Two vaccines are currently available that protect against some types of HPV. One vaccine protects against type 6 and type 11, which cause the most cases of genital warts, and against type 16 and type 18, which cause the most cases of cervical cancer. The other vaccine protects against type 16 and type 18. The vaccines trigger the immune system to fight off these types of HPV if a person is exposed to them. They do not protect against other types of HPV. The four-type vaccine is almost 100% effective in preventing cervical precancerous and genital warts caused by four types of HPV. The two-type vaccine also is almost 100% effective in preventing cervical precancerous caused by two types of HPV.

 

Who Should Get the HPV Vaccine

 

Both vaccines are recommended for girls and women aged 9 years through 26 years and are given in three doses over a 6-month period. The vaccines are not recommended for pregnant women but are safe for women who are breastfeeding.

The vaccines are most effective if they are given before a woman is sexually active and exposed to HPV. However, women can get the vaccines even if they have already had sex, have had genital warts, have received abnormal Pap test results, or have been infected with HPV. If a woman is already infected with one type of HPV, the vaccines will not protect against disease caused by that type. However, the vaccines can protect against the other types of HPV included in the vaccines.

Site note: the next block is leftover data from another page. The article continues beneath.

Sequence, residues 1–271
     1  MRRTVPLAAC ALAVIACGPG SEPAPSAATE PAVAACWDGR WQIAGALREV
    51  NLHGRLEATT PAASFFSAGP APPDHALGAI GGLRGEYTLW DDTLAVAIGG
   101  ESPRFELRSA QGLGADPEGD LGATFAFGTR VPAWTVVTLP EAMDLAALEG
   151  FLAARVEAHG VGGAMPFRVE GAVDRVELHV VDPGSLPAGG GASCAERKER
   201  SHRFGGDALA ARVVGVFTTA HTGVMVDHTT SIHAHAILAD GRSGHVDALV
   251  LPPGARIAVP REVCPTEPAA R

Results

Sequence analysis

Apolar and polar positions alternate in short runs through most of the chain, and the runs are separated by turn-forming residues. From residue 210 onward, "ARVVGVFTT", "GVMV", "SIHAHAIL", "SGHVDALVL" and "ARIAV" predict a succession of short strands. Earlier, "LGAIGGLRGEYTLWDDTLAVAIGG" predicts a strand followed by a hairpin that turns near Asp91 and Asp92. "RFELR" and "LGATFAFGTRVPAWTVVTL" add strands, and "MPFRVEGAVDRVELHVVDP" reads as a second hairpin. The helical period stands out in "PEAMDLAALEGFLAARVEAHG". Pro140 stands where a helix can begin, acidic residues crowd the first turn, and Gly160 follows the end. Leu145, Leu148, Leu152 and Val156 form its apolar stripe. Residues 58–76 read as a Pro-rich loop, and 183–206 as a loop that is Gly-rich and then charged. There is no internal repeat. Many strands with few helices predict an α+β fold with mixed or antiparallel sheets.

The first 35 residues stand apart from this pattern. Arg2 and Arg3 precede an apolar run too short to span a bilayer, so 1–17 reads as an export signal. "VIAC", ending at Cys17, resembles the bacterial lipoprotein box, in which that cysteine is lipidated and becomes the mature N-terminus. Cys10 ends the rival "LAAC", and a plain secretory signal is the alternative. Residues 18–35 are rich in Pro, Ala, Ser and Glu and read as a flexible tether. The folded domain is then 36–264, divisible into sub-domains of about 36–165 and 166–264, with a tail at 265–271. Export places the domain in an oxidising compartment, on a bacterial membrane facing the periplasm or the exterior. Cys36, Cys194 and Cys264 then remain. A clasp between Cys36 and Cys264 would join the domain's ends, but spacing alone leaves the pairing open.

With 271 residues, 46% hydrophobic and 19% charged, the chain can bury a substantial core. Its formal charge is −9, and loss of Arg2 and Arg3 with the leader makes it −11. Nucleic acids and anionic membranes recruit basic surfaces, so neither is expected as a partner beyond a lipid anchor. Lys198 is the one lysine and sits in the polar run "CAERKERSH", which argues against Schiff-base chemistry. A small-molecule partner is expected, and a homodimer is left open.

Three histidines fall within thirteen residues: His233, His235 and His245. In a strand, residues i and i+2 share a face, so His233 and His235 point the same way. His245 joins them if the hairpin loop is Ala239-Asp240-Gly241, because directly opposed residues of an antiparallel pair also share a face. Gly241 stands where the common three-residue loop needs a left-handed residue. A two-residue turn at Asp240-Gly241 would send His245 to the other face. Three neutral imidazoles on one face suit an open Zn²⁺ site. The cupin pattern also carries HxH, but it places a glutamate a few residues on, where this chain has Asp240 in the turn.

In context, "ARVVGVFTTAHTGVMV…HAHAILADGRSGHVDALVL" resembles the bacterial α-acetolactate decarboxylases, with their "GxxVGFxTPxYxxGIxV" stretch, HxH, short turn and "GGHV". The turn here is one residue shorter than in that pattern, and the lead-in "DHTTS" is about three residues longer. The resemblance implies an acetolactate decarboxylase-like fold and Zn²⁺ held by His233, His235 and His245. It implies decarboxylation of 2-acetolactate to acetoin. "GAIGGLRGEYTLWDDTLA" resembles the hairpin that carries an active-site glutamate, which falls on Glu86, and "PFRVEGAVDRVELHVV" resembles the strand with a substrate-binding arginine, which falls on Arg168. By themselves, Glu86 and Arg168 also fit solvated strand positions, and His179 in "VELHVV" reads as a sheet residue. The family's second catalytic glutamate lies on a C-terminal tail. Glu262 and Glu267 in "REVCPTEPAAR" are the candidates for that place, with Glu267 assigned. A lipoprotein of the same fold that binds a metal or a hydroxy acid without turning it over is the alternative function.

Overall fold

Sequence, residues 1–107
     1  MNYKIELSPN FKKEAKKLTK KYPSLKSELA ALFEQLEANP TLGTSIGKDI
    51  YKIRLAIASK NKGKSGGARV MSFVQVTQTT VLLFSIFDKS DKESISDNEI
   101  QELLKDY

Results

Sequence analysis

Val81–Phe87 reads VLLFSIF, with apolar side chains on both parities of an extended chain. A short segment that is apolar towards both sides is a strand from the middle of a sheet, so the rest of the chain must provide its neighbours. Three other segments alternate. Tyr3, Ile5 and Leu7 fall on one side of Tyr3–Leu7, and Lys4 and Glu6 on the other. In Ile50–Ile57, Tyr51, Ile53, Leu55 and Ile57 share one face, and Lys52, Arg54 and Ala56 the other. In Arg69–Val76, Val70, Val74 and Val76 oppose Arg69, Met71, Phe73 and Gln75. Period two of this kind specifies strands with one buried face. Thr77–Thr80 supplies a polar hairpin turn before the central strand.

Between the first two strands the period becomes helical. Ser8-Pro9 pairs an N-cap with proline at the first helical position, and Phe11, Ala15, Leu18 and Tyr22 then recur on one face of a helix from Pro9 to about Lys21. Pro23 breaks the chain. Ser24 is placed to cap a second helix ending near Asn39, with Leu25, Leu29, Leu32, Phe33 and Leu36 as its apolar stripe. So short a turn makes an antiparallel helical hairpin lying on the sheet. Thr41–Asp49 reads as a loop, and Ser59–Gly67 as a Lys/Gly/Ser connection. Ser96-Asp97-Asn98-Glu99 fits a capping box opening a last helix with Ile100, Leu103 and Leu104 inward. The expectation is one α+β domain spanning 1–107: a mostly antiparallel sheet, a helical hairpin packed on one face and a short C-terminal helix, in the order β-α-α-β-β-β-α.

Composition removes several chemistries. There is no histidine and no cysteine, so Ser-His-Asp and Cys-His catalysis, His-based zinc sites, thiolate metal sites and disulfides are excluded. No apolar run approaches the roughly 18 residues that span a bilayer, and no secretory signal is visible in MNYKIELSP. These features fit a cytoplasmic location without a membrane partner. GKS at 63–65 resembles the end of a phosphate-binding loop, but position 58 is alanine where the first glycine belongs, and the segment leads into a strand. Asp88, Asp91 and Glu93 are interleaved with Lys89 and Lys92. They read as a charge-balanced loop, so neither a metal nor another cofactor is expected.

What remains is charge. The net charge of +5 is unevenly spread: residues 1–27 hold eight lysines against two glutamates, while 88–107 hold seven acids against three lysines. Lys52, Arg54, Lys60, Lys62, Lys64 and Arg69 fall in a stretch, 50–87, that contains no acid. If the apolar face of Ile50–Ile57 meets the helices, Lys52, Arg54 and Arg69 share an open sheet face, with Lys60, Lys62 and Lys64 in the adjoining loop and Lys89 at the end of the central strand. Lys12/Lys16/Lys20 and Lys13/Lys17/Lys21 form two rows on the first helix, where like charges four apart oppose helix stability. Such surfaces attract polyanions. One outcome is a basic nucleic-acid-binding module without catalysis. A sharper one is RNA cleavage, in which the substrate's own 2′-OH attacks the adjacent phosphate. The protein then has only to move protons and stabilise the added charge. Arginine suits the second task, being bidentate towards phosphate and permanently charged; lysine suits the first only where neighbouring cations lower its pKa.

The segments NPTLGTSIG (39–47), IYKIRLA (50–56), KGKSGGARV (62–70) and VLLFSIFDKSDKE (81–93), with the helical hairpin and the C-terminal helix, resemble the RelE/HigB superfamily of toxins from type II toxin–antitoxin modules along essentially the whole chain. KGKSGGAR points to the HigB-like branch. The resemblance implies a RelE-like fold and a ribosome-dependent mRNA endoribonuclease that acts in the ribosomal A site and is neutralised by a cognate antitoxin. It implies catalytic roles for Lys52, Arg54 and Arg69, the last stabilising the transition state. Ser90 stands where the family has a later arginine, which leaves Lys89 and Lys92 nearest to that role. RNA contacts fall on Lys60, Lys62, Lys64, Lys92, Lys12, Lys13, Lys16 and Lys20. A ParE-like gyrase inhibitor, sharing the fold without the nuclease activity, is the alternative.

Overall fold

The vaccines are not a treatment for current HPV infection. They do not protect against all types of HPV and do not give complete protection against cervical cancer or genital warts. Therefore, women who are vaccinated should still have regular cervical cancer screening as recommended by their health care providers.

It is currently known that vaccine protection lasts at least 5 years for the four-type HPV vaccine and more than 6 years for the two-type HPV vaccine. Research is still being done. It appears unlikely that a booster vaccination will be needed in the future to strengthen protection.

 

Possible Vaccine Side Effects

 

The most common side effect of the HPV vaccine is soreness in the arm where the shot is given. On very rare occasions, persons who received the shot experienced headache, fatigue, nausea, dizziness, fainting, or pain in the arm. These symptoms are mild and usually go away quickly.

 

Staying Healthy

 

Even if you get the HPV vaccine, it is still important to take other steps to protect yourself against HPV and other sexually transmitted diseases. Limit your number of sexual partners; the more partners you have over the course of your life, the greater your risk of infection. Use condoms to reduce your risk of infection when you have vaginal, anal, or oral sex; condoms cannot fully protect you against HPV infection; they cover only a small percentage of skin and do not completely protect against HPV transmission. Touching infected areas not covered by a condom can pass HPV from person to person; these areas may include skin in the genital or anal areas. Female condoms cover more skin and may provide a little more protection than male condoms.

If you are 26 years or younger, the HPV vaccine may help protect you from infection with some types of HPV. Other steps that may reduce your risk of infection are to limit your number of sexual partners and use condoms. Also, be sure to get regular Pap tests as recommended by your health care provider to prevent cervical cancer.